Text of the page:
Friday, February 8, 2013

The Foot of the World

photo credit
A few years ago my dad took a trip to Antarctica to climb Mount Vinson. When he returned he wore the usual climber's raccoon eyed sunburn on his face, he appeared thirty pounds lighter, and he acted a little subdued, as if the trip back to civilization had taken it out of him even more than the climb. How was your trip? We all asked him, but as he told us about it I realized that little question was much like asking a woman What was it like to give birth? There are some experiences that are difficult to put into words.

There are a few details about my dad's Antarctica trip that remain vivid; the terror of an airplane ride in a windowless, tin can of an airplane that was being buffeted by the high winds of the south pole. The unsettling feeling that my dad and all the climbers felt after the airplane abandoned them on the ice. Weather conditions must be optimum for airplanes to make the crossing and so you're never exactly sure when the plane will return. But the image that has stuck with me longest was my dad's description of one afternoon when he was feeling homesick. It is one thing to be homesick when you're a long drive or Southwest plane ride away from your loved ones. It is a whole different matter to be homesick when you are among strangers, sitting on a pile of ice at the foot of the world.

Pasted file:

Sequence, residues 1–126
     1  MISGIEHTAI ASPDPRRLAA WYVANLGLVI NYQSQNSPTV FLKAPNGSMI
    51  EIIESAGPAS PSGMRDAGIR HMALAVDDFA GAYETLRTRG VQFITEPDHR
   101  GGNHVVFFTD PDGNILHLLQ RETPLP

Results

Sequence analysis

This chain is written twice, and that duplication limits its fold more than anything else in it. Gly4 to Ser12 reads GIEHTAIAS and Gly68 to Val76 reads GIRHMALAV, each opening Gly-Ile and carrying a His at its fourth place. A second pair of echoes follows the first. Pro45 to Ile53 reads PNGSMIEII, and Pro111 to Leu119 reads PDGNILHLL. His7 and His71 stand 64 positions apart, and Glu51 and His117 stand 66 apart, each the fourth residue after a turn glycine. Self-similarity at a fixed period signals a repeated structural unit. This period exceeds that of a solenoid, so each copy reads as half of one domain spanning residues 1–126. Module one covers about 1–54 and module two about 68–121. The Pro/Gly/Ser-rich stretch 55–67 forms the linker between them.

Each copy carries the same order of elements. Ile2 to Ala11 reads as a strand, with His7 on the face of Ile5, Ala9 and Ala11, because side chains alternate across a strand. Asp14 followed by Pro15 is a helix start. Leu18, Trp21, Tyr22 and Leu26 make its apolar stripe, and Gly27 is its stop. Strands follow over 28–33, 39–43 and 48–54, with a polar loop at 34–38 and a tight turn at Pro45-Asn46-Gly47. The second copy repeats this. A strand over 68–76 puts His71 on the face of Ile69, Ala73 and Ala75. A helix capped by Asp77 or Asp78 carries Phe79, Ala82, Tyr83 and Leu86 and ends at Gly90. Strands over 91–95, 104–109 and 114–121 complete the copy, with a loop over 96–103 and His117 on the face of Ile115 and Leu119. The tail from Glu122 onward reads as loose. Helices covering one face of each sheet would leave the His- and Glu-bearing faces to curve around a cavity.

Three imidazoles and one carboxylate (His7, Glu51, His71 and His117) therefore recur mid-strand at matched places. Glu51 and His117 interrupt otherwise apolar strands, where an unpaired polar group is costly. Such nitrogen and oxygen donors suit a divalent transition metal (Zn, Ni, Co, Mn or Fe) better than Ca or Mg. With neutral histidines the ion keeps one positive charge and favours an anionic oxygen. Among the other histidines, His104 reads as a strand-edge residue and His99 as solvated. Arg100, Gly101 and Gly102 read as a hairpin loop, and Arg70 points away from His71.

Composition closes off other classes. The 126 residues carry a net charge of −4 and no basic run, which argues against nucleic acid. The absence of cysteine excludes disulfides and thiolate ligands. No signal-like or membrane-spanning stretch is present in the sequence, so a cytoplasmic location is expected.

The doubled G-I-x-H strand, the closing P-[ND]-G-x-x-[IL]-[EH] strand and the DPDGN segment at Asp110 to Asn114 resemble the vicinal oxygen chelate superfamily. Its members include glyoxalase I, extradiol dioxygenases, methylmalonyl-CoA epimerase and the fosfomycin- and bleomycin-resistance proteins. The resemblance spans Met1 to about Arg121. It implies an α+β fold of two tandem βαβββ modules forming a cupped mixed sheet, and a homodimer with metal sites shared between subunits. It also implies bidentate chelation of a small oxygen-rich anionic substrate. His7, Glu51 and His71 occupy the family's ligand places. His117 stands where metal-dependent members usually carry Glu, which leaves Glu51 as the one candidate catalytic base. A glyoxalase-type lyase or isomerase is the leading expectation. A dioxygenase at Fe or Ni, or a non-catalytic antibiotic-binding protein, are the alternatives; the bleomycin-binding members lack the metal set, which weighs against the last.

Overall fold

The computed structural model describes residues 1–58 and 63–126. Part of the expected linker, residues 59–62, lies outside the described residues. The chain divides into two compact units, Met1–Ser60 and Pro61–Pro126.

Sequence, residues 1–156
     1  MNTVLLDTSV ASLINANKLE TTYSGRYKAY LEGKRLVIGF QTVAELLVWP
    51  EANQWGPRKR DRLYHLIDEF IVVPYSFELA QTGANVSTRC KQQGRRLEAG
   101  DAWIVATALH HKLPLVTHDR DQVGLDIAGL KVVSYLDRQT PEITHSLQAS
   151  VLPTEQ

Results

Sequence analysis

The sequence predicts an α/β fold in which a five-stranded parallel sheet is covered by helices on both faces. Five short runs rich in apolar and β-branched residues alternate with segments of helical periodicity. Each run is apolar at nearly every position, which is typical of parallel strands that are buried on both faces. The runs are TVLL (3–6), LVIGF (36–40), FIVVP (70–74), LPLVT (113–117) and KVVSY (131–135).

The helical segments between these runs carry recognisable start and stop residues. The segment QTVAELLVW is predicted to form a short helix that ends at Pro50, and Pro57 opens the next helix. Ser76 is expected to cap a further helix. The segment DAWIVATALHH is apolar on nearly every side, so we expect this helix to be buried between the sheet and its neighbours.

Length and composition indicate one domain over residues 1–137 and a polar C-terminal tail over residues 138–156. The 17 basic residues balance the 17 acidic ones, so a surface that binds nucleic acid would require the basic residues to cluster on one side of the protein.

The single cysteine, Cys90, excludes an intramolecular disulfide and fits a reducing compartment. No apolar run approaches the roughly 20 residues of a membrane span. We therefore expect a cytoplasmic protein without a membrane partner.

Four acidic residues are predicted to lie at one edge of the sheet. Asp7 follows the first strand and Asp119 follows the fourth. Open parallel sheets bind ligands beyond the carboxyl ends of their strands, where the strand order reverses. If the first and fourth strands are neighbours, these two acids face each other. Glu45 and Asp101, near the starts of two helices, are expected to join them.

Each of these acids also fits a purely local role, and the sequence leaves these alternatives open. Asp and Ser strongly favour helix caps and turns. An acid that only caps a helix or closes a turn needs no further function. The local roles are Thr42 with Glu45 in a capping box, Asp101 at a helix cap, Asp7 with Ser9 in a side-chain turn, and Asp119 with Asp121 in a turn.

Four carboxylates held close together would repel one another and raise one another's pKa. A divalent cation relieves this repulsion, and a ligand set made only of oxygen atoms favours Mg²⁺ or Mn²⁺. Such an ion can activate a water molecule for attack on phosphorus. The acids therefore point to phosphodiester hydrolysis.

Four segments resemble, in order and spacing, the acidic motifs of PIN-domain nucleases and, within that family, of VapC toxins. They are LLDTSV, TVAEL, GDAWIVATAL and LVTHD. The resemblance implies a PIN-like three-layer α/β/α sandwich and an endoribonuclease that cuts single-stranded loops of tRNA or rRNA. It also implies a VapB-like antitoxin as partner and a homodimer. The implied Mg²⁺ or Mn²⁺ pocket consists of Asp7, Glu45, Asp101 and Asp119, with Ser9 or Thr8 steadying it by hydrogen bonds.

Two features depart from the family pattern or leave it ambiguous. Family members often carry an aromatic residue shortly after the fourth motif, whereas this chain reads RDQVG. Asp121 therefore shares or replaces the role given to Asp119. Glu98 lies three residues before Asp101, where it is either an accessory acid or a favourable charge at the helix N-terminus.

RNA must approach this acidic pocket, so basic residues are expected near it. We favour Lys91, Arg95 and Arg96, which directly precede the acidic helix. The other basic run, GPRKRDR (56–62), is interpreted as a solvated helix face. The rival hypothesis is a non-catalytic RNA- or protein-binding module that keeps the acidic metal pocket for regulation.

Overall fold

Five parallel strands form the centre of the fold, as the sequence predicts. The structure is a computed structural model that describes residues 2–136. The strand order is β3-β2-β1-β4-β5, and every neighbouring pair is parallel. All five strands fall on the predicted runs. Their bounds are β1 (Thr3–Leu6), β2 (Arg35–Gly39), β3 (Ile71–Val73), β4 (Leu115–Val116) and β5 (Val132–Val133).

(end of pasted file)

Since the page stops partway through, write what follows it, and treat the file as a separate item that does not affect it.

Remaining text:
My dad explained how that particular afternoon he had sat down to "eat." Everything, everything is frozen because of the severe temperatures and so his meal for the afternoon was a piece of frozen sandwich meat. So there he sat in the snow, gnawing on a ham Popsicle while staring at a horizon that only a small percentage of the world will ever witness. Suddenly my dad became so homesick, so completely out of his normal element in every respect, that it brought tears to his eyes. I'm paraphrasing here, but essentially he "sat on the ice and wept for his family and the comforts of a life that were in every way unreachable."

I think homesickness is one of the strangest emotions for an adult to experience. I moved around a lot in my late teens and early twenties, to different countries and between my divorced parents' homes, and so by the time I was twenty-two years old I didn't really suffer from "homesickness" anymore. I had learned to jump into whatever life I was living with both feet. Make friends. Put down roots. Try and create a daily grind that matters and feels good to live in. But every now and then I experience that strange wave of something. A desire to go home... although it's been years since my parents' homes have felt like "home." Maybe that feeling means I need to plan a road trip to visit more family members. Or maybe I'm still adjusting to life with four kids and therefore don't feel completely at home in my own skin yet.

But whatever the reason, I kind of like it when these freak waves of homesickness hit me. It is strangely satisfying to long for something you didn't know you needed. Or to remember that there is some abstract element missing in your life that will make it all the more merrier once it's returned to you. It's kind of like waiting for spring to appear. You don't quite know what it is about spring that gives so much satisfaction, but you'll know it when you see it.


  1. I think you are home sick for us and us for you! We love you. One day we may live in the same country again, roll on I say. Until then I understand. Karen. X

  2. Thanks for saying that! Made my morning:)


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